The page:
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New Hampshire Department of Environmental Services
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FAQs – Red Tide
 
  • What is Red Tide?
    Microscopic algae are single-celled plants that live in the sea. Most species of algae or phytoplankton are beneficial to the ecology of the ocean, serving as the base of the food chain, which supports higher forms of life such as fish, birds, marine mammals, and humans.
    Occasionally, the algae grow very fast or "bloom" and accumulate into dense, visible patches near the surface of the water. Some species of phytoplankton contain reddish pigments, and an intense bloom of these species can make the water appear to be colored red. The term "Red Tide" is a common name for such a phenomenon, although the term is really a misnomer because such events are not associated with tides. Many of the phytoplankton that can discolor the water are not harmful, and those species that are harmful may never reach the densities required to discolor the water.
    Although most phytoplankton species are not harmful, a small number of species produce potent neurotoxins. The toxins can be transferred through the food chain, where they affect and even kill the higher forms of life such as zooplankton, shellfish, fish, birds, marine mammals, and even humans that feed either directly or indirectly on them.
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  • What Causes Red Tide?
    Although there are several species of phytoplankton that can cause a variety of illnesses, the main illness of concern in NH waters is Paralytic Shellfish Poisoning, or PSP. Various species of the phytoplankton Alexandrium are the chief causative agents of PSP. Alexandrium cysts spend the winter in offshore ocean sediments in a dormant state. In response to increased sunlight and temperature in the spring, the cysts germinate into free-swimming cells, which reproduce by cell division. If water conditions are good, the cells continue to divide, and growth is exponential - a single cell can result in the reproduction of several hundred cells in just a few weeks. If other single cells are reproducing in a similar manner, this large "bloom" can result in shellfish toxicity.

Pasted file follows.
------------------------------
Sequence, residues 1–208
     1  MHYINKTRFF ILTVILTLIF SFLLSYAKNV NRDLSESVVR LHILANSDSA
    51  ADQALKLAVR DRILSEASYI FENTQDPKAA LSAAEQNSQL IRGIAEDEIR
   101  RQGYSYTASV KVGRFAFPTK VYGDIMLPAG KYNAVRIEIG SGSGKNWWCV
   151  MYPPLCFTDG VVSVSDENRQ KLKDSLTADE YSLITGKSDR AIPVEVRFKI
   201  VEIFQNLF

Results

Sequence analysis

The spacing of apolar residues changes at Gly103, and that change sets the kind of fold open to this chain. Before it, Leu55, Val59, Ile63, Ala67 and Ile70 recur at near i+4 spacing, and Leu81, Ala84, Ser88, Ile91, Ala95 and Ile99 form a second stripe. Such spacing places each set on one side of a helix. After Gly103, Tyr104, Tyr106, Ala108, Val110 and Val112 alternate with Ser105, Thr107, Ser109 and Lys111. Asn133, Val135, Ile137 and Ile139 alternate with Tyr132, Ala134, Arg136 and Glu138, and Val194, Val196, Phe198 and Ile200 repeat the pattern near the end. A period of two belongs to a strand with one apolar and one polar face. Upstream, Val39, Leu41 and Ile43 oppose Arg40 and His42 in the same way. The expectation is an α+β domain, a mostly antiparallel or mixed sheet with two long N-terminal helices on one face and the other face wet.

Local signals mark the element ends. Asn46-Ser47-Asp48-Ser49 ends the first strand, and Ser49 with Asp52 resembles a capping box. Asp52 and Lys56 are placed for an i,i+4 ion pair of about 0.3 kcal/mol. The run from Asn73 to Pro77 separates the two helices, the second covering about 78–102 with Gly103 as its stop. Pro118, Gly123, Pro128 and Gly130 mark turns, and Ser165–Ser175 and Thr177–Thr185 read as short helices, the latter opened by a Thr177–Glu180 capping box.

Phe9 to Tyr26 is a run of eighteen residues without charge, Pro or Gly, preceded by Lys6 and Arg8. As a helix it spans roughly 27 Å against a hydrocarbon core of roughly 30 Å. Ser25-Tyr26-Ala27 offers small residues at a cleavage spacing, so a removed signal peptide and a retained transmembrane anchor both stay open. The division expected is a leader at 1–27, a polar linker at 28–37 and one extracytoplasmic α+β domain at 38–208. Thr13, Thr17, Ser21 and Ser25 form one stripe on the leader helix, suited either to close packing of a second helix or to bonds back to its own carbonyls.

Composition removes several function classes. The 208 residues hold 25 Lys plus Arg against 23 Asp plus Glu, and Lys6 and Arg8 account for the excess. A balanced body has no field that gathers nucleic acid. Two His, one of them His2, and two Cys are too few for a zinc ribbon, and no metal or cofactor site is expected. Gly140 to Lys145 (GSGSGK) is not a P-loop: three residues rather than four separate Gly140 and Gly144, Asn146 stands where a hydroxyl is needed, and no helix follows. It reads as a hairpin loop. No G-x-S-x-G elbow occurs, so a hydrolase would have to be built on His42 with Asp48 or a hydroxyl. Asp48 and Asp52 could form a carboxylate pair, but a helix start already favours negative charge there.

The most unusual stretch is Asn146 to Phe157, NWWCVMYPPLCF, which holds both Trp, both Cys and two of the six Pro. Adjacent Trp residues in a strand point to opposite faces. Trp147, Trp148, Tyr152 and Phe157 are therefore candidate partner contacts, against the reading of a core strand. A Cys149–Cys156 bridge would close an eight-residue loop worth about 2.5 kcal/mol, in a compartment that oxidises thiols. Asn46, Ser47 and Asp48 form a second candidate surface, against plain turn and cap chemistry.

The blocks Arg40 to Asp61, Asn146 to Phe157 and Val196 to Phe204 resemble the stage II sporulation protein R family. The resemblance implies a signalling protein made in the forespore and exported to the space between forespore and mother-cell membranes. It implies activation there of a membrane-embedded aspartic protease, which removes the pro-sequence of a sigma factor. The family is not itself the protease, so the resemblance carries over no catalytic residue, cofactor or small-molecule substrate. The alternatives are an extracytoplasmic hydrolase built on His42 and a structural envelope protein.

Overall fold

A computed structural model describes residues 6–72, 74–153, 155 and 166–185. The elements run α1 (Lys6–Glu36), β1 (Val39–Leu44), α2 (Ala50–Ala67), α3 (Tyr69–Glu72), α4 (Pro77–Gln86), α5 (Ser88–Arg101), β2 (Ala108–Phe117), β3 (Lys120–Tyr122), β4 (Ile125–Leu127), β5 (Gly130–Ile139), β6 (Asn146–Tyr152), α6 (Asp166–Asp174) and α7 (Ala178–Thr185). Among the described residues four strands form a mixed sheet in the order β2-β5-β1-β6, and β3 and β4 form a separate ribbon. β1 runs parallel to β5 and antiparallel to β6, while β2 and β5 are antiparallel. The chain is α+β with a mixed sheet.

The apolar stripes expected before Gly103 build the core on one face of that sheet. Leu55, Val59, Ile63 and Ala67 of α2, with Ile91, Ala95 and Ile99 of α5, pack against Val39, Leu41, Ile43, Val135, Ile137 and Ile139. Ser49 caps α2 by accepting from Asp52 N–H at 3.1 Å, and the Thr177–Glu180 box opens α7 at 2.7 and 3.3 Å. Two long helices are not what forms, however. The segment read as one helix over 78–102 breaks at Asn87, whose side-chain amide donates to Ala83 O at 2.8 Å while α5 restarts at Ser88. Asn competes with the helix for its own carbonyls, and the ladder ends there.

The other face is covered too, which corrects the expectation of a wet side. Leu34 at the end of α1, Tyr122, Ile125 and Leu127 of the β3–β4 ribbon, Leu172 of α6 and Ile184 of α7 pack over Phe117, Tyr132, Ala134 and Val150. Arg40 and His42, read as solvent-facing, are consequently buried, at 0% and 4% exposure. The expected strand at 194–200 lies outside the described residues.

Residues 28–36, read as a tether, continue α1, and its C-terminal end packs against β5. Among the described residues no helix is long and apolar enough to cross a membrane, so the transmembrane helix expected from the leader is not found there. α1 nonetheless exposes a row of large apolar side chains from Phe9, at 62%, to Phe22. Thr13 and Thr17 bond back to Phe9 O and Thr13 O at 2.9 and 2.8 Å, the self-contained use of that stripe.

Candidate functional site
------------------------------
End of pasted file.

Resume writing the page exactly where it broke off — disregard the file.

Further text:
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  • What are the symptoms of Red Tide poisoning?
    Paralytic Shellfish Poisoning, or PSP, is a life-threatening syndrome, and the onset of symptoms is rapid, usually within two hours of consumption. Symptoms include tingling, burning, numbness, drowsiness, incoherent speech, and respiratory paralysis. Duration of effects is a few days in non-lethal cases. The most severe cases result in respiratory arrest within 24 hours of consumption of the toxic shellfish. If the patient is not breathing or if a pulse is not detected, artificial respiration and CPR may be needed as first aid. Although there is no antidote, supportive therapy and treatment is usually adequate, and survivors recover fully. PSP is prevented by large-scale proactive monitoring programs (assessing toxin levels in filter feeding mollusks such as mussels, oysters, clams, and/or scallops) and rapid closures to harvest of suspect or demonstrated toxic areas.